Starting Over shows momentum; producer “hoping this season is a real breakthrough year”

Starting Over is getting ready to begin its third season, and it’ll do so with “some recent momentum: season-to-season growth in key adult female demos, 40 station upgrades and a recent Daytime Emmy win for special-class programming,” according to The Hollywood Reporter.

Jonathan Murray, of the show’s production company Bunim-Murray, says “I’m hoping this season is a real breakthrough year.” He also says that the original plan for the show–a primetime series featuring couples in counseling–wouldn’t have worked as well as the current formula. Why? “Women have always been the best cast members because they are more open and anxious to deal with issues, they aren’t afraid of conflict, and they aren’t afraid to grab life and get the most out of it,” he says.

Still, the third season, which went into production in August, will basically revert to that original formula, as it features a “Relationship Boot Camp.” Couples will live together in the new San Fernando Valley house and go through counseling for three weeks.

But there’s no reason to fret: After the three weeks, the men will leave. According to an NBC press release, “At the conclusion of this series of special episodes that will air during the initial weeks of the season, the couples will leave and six women will enter the STARTING OVER house for a return to the traditional daytime drama that STARTING OVER fans have come to love and expect.”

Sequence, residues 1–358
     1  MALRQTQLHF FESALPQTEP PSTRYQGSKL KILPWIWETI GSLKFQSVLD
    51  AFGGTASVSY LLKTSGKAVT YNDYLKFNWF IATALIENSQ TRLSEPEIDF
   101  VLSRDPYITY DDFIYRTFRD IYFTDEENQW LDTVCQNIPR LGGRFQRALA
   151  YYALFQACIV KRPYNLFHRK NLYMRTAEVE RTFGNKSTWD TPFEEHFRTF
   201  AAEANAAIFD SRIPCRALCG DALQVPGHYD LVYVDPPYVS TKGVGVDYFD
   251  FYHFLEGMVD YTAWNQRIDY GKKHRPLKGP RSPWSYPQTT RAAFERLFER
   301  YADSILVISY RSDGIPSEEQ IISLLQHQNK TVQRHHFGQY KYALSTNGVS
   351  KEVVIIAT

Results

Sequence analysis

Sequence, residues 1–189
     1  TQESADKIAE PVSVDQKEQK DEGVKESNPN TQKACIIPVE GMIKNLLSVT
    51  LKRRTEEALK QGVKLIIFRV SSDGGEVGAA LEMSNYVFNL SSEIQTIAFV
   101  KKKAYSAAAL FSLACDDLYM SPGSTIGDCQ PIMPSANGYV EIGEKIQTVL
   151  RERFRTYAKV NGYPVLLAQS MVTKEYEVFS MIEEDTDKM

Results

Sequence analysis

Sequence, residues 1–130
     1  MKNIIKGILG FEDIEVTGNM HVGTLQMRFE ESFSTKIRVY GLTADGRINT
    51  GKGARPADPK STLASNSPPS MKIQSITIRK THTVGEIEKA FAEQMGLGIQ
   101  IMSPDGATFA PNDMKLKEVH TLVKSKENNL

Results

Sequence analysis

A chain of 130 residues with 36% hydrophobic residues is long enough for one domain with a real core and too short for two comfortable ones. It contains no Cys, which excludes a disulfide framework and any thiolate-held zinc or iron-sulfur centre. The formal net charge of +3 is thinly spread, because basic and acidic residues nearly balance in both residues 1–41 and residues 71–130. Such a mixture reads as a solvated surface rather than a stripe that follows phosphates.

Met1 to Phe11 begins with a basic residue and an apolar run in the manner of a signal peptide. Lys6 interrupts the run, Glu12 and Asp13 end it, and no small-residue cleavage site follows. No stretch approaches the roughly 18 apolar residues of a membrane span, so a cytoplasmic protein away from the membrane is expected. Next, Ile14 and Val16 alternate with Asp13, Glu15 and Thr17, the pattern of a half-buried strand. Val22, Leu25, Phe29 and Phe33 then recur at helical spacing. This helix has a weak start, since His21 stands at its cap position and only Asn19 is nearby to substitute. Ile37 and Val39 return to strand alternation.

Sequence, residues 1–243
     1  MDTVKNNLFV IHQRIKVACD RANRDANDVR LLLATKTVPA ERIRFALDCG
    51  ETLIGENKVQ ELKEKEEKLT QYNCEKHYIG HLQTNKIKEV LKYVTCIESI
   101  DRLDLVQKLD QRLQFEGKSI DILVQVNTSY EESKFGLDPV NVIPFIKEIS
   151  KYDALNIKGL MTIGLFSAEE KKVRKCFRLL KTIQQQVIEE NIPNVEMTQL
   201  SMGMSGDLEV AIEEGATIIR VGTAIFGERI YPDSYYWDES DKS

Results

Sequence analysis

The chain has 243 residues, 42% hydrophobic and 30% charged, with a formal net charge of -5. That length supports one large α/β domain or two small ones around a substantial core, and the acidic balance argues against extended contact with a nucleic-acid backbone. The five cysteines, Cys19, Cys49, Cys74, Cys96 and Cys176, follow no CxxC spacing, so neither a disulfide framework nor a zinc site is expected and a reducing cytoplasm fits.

Real-life struggles fuel ‘Starting Over’ drama [Hollywood Reporter]
“Starting Over” Doubles the Daytime Drama [NBC press release]

The Quest ends its journey stronger than it began

Verlox from The Quest

A review of the finale of summer's best reality series, which wasn't always perfect but was thoroughly entertaining right down to the finish, which included phenomenal challenges and special effects. Will ABC give it a second season?

Plus: an interview with the actor who played Verlox and the ogre.

Shark Tank is getting a spin-off

Shark Tank

Companies that get deals on the show will be followed for this new spin-off.

Also: Before the show began, Shark Barbara Corcoran was cast and then replaced--but then she sent this amazing e-mail and won the job.

about the writer

Andy Dehnart is a journalist who has covered reality television for more than 15 years and created reality blurred in 2000. A member of the Television Critics Association, his writing and criticism about television, culture, and media has appeared on NPR and in Playboy, Buzzfeed, and many other publications. Andy, 36, also directs the journalism program at Stetson University in Florida, where he teaches creative nonfiction and journalism. He has an M.F.A. in nonfiction writing and literature from Bennington College. More about reality blurred and Andy.